A potential bloodbath has not yet been averted. However, having said that, the likelihood of such military intervention is progressively diminishing. One reason for this is because neither the African Union (whose Peace and Security Commission is headed by an Algerian) or the UN Security Council (UNSC) have given the green light for such intervention. The reason for the UNSC’s position is, I believe, quite simply because all five of its permanent members – the US, UK, France, Russia and China – are aware of Algeria’s strategy and therefore do not see the situation as being ‘Africa’s Afghanistan’, as described in the media and by those self-proclaimed ‘security analysts’ who are unaware of the true nature of Al Qaeda in this part of the world.
This is not to imply that Algeria will be able to call off its dogs easily. However, signs are that Algeria and other powers in the region are trying to move towards a negotiated solution. But that will not be easy. With so many armed militias in the wings and so much anger, suffering and desire for revenge in the air, the likelihood of individual agency coming to the fore is very high. While the DRS leadership of the Islamist groups is obviously managed easily, the question of the genuine Islamists, the foot soldiers, may not be resolved so easily. Already, there are signs that Algeria is pushing towards a solution centering around the creation of some sort of shari’a based political party, amongst others, in the region. Such a party is unlikely to be endorsed wholeheartedly by the bulk of the population, and if introduced coercively is more than likely to lead to further conflict.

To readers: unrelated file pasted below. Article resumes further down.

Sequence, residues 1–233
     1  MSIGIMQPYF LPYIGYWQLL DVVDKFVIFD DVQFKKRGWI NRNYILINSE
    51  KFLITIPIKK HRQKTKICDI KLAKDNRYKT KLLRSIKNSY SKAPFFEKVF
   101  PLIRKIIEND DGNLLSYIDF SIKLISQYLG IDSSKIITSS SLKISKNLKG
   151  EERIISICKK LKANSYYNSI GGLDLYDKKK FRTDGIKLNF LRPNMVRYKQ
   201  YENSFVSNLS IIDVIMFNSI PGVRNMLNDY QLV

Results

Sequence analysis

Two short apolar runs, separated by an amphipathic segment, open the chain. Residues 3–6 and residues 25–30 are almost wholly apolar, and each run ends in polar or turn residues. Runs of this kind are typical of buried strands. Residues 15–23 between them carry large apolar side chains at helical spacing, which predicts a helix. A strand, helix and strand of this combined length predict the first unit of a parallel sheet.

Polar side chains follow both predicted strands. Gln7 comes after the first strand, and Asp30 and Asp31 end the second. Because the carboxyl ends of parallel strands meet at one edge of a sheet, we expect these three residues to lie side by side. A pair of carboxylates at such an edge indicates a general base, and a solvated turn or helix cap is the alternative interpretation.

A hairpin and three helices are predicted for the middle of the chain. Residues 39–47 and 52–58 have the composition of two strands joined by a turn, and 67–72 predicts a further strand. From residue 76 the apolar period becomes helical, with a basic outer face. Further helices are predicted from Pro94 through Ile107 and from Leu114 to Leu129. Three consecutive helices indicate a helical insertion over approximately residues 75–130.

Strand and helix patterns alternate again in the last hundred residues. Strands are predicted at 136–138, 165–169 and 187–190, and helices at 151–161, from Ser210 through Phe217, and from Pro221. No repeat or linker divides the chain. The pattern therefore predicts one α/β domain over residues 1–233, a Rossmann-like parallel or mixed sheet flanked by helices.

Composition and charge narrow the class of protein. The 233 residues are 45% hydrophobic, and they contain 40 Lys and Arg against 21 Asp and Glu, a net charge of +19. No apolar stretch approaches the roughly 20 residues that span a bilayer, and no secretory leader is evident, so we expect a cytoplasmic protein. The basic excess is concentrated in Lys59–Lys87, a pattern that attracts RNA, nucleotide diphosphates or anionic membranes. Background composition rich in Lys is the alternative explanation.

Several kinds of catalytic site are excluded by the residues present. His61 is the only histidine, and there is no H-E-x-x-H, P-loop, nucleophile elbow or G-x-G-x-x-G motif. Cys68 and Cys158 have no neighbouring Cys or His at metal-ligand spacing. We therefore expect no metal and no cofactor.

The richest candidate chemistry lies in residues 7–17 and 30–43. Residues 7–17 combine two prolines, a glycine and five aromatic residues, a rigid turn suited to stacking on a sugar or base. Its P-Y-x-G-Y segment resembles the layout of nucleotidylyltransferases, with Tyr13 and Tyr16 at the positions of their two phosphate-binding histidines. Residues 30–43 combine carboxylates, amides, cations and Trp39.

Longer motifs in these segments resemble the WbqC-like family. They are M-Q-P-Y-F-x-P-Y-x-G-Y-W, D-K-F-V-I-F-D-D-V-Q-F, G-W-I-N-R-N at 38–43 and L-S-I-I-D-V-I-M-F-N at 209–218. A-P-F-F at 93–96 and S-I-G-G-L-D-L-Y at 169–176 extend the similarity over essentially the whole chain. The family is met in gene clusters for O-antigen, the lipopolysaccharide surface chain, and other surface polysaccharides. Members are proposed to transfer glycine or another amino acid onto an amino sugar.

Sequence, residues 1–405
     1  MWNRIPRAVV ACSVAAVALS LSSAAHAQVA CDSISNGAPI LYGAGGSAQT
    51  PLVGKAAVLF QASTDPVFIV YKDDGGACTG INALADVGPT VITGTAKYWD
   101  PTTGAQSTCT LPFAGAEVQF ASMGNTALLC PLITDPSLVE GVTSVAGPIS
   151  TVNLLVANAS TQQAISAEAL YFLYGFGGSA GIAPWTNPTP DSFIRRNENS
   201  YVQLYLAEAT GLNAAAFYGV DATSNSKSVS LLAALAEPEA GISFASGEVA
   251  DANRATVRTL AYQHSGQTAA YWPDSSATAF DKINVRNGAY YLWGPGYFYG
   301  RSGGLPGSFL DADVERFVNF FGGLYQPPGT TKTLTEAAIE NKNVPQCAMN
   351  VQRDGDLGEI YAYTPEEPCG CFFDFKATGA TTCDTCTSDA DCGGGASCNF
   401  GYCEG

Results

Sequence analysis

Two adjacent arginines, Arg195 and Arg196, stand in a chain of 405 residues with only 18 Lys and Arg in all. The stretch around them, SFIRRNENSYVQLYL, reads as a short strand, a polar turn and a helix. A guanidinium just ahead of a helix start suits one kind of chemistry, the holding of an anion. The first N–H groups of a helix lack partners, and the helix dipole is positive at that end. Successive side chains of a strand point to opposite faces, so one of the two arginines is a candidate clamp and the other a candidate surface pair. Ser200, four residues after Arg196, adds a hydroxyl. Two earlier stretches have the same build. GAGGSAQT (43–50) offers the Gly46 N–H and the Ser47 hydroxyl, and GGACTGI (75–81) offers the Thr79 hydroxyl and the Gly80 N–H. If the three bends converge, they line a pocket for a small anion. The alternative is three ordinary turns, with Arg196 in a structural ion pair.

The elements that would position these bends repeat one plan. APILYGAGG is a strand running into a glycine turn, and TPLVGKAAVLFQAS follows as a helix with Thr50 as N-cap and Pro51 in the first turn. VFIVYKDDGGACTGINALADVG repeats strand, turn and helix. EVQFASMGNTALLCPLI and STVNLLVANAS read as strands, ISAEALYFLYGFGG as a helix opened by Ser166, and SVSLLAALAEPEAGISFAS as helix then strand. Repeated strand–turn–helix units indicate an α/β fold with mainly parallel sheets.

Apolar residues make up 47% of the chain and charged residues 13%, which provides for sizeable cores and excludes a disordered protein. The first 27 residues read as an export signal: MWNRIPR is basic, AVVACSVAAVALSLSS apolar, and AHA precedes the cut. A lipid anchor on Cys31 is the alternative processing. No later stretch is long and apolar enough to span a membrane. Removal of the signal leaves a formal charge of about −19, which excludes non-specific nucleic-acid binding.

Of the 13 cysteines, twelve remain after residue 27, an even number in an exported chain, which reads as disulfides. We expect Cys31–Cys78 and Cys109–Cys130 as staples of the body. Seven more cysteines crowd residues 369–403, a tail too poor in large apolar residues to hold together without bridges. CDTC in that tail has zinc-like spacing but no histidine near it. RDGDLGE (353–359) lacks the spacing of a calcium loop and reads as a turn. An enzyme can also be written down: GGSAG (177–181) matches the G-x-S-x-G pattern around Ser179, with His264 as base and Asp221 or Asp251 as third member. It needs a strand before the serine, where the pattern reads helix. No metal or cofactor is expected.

Whatever sort of dispensation is found for the region, it will almost certainly be tied to Algeria’s hegemonic designs on the region and drugs trafficking, both of which are recipes for future regional instability.
Finally, there is the matter of the ICC’s investigation. If the ICC does progress from its current preliminary investigation to a full-blown investigation of war crimes and associated atrocities in the region, it could conceivably pave the way for justice and a more stable future. However, I believe that there will be huge pressure on the ICC from western powers not to proceed with the investigation. A full ICC investigation is likely to expose the involvement of US, British and French intelligence services in their support for the DRS and therefore, it could be argued, their complicity in the atrocities that have been committed.
Jeremy H. Keenan is Professorial Research Associate, Department of Social Anthropology and Sociology, School of Oriental and African Studies (SOAS), London University. This article was first published by www.opendemocracy.net.